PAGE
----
Sunday, March 19, 2017

Sunday Week in Review

What else did Donald Trump do this week?

Leisure. In what is becoming standard practice, Trump spent his Saturday playing golf while his staff attempted to conceal the extent of it from public view. Trump spent four and a half hours at his golf course, which aides characterized as "hitting a few balls." It was the tenth time Trump has played golf in eight weeks as president. 

Campaigning. On Wednesday, Trump held the second campaign rally of the 2020 presidential campaign in Nashville. (Trump has been a declared candidate for re-election since the day he took office.) His staff has made no secret of the fact that he prefers campaigning to governing, not least because official campaign events allow him to appear before enthusiastic crowds, rather than deal with his approval rating among Americans in general. However, not everything went smoothly for Trump 2020: in its weekly e-mail newsletter, the White House included a link to a Washington Post article headlined “Trump's budget makes perfect sense and will fix America, and I will tell you why.” Unfortunately, the satirical article by Alexandra Petri was not exactly an endorsement.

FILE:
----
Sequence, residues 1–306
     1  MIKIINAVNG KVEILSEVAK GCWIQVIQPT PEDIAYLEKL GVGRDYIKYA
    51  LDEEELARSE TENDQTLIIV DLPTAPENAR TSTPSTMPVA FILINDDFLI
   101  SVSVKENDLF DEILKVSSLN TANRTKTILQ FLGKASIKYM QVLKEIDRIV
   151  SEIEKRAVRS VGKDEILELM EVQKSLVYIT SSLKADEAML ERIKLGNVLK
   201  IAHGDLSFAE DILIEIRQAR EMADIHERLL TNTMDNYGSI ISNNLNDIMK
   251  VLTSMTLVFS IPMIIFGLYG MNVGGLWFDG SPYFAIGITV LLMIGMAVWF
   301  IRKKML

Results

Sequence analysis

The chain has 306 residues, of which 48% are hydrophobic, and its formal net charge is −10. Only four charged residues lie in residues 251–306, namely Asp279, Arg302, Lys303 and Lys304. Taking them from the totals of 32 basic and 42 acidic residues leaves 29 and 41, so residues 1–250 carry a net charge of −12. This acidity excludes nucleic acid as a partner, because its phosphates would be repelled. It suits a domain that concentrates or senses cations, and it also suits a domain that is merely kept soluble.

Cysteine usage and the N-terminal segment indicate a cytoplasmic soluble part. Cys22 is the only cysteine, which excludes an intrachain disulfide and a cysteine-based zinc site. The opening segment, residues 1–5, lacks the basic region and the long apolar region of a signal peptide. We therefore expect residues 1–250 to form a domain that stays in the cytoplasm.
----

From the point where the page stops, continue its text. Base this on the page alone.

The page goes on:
Family. He once again absolved his son-in-law, Jared Kushner, from conflict-of-interest rules. Kushner's family real estate business stands to gain $400M from a suspiciously generous $4B investment from a Chinese company. Notwithstanding his lack of government experience, Kushner is one of Trump's closest advisors, and has been directly involved in Trump's adventures in Chinese diplomacy. A Trump spokesperson said that Kushner could simply recuse himself from matters he felt would present a conflict.

Handling of classified material. At least twice this week, he revealed classified information during media appearances--presumably by accident. In his Wednesday interview with Tucker Carlson, Trump said that the release of CIA information by Wikileaks came about because the agency was hacked. Trump was attempting to put the blame for the release on the Obama administration, but in doing so gave away information about the nature of the leak that would have been highly classified. Two days later, in an ill-fated attempt at a joke, Trump suggested that the Obama administration had surveilled German chancellor Angela Merkel--which, if true, amounts to a confirmation of details about American espionage capabilities that previous administrations had worked hard to keep secret.

Trumpcare. Finally, in a chaotic week for his health care plans, he made a surprisingly candid admission: that his proposed plan would disproportionately hurt the older and more rural demographics that voted for him.

Why should anyone care about these things?

  • Presidents are entitled to their leisure time, but not to insist that others pretend it isn't happening.
  • It's bad if a president is more interested in campaigning than governing.
  • Simply declaring that foreign powers are not buying influence at the White House doesn't make it true.
  • A president who reveals classified information--intentionally, or through carelessness--in order to score political points is derelict in his duty.
  • Trump voters may have taken Trump both literally and seriously when he said he would make their health insurance better as opposed to worse.